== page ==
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Book Forum: Textbooks   |    
Psychiatric Drugs
Am J Psychiatry 2001;158:331-a-331. doi:10.1176/appi.ajp.158.2.331
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New York, N.Y.

Edited by Jeffrey A. Lieberman, M.D., and Allan Tasman, M.D. Philadelphia, W.B. Saunders Co., 1999, 261 pp., $34.95 (paper).

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The authors note correctly that recent changes in drug development are resulting in a marked increase in the number of available compounds. These changes in drug development are affecting psychotropic medications as well, so that the clinician needs to become familiar with an ever-increasing number of drugs. This book is a response to that perceived need. It is multiauthored and follows a uniform format. The editors indicate that the chapters are organized by drug class and each follows a consistent sequence. Actually, the topics are organized by drug purpose rather than class, so that there are chapters on antipsychotics, antidepressants, etc. Although this is a useful strategy, it is somewhat limited. It presumes that patients fall neatly into categories such as depressed, anxious, or psychotic. The much more practical and real-world problem is that our patients do not follow these crisp classifications and insist on having symptoms from more than one category. The treatment of psychiatric patients increasingly requires dealing with fuzzy sets, whereas this volume deals with ideal sets.

Despite this limitation, there is much useful information to be gleaned. The text follows a consistent format like that of the Physician’s Desk Reference. Readers who are interested in a particular topic such as side effects can promptly go to that section of the chapter without the risk of being exposed to unwanted knowledge. The chapters are well written, concise, and readable. The volume is small enough to fit in the jacket pocket of a house officer. It certainly is very useful for residents who, at a particular moment, cannot read more extensively.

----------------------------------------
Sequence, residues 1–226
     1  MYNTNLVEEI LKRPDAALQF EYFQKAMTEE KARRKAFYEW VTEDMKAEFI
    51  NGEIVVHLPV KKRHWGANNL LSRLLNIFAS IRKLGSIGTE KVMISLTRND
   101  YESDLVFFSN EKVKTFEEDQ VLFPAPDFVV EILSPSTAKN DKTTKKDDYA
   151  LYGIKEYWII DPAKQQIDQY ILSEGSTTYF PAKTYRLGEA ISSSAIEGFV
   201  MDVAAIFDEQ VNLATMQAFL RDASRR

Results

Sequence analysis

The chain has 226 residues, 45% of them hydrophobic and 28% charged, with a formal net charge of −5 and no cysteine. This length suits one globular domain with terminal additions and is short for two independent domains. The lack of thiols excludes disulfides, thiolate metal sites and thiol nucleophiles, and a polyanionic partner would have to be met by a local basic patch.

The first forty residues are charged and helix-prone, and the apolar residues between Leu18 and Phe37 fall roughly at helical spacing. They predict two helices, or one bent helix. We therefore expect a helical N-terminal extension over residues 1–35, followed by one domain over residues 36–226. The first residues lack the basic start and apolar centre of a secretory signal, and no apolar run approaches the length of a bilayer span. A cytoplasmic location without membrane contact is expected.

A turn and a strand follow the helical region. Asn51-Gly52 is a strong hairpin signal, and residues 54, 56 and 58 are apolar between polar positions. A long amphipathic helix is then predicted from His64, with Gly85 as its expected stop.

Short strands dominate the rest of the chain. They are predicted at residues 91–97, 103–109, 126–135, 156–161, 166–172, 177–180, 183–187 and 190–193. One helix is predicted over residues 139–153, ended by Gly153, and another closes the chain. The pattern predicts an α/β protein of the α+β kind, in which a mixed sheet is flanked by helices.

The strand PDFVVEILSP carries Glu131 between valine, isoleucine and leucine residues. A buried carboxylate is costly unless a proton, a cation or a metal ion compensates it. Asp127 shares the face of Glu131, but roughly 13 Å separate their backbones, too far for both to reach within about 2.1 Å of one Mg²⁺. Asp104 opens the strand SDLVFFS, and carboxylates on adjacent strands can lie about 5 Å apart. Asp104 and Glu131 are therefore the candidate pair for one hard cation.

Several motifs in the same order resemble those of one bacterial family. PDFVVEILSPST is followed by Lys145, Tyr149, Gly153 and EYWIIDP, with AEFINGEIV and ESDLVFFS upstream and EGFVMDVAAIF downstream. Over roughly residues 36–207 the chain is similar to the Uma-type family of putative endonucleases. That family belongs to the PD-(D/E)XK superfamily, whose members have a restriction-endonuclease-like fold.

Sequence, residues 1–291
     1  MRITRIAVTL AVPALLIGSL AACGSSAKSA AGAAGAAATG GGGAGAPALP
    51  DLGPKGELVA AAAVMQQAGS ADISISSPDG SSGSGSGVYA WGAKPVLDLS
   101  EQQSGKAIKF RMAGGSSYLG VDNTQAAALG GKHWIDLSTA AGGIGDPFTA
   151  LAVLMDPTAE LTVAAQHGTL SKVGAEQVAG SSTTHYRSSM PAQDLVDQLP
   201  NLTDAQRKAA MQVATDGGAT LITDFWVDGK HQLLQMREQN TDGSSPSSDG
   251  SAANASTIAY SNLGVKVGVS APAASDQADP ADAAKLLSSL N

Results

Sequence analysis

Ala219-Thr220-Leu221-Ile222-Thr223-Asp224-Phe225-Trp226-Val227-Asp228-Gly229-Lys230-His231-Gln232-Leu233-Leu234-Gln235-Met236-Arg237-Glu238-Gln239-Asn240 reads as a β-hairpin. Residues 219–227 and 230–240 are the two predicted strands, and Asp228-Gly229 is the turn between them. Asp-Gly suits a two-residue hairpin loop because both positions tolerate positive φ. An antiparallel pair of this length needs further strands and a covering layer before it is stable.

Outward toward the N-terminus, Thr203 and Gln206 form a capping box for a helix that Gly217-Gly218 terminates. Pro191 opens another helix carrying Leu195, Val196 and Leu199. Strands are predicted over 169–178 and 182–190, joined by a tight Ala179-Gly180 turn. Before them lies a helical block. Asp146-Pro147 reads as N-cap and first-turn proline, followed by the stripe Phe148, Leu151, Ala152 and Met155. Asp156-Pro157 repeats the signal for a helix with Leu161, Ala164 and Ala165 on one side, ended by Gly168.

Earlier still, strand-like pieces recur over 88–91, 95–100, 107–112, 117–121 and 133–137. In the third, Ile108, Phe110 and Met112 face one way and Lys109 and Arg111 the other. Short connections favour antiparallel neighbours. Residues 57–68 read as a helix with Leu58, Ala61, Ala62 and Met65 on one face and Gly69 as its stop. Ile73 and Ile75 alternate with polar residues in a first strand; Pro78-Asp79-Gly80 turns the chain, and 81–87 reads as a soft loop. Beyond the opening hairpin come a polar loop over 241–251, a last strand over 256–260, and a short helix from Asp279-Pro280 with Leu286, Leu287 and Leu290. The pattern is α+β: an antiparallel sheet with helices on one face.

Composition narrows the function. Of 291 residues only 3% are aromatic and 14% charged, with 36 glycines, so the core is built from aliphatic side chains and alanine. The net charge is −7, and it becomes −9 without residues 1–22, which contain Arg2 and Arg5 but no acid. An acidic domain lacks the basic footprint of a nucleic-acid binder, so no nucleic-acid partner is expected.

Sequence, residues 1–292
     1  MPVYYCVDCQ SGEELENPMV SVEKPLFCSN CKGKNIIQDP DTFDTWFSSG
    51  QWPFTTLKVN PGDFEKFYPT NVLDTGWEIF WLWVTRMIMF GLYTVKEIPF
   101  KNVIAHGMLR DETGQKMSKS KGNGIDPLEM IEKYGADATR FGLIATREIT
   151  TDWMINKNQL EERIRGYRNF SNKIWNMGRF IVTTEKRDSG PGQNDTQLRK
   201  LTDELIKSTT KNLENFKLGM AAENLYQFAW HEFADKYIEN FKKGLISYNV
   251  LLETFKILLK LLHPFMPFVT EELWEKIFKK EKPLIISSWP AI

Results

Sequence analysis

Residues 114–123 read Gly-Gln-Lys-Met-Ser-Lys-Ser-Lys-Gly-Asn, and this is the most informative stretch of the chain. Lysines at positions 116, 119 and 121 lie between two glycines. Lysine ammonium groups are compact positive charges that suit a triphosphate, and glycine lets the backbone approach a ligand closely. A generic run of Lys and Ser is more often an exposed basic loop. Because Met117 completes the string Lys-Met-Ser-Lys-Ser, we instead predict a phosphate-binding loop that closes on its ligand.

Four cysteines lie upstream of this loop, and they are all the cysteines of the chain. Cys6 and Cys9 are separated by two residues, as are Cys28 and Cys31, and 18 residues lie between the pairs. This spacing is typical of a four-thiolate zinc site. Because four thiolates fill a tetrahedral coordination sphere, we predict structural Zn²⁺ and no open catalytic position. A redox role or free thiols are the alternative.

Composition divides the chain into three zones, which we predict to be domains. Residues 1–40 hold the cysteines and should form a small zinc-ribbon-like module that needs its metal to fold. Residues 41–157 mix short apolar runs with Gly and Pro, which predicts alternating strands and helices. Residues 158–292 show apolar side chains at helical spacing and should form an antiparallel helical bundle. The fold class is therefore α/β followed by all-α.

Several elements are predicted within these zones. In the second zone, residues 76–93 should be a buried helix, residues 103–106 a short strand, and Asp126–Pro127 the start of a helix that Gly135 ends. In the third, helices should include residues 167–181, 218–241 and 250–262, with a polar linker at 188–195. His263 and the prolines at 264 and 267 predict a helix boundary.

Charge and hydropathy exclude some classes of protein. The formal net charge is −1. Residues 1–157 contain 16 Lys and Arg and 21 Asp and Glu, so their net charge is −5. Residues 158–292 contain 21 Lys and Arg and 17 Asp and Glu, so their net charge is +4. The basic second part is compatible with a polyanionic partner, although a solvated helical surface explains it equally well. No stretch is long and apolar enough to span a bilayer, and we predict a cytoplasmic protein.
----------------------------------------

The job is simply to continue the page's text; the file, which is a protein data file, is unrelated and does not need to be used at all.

The subtext of this volume is that psychiatry is drug management. It designates fewer than eight pages to the combined use of psychological and pharmacological treatments, although there is agreement that the essence of psychiatry is in this combination rather than in merely administering drugs. It is unfortunate that the editors did not include the integration of psychological and drug treatments into each chapter where they belong. The psychological management of psychiatric patients is not an appendix but is integral and central to the practice of psychiatry.




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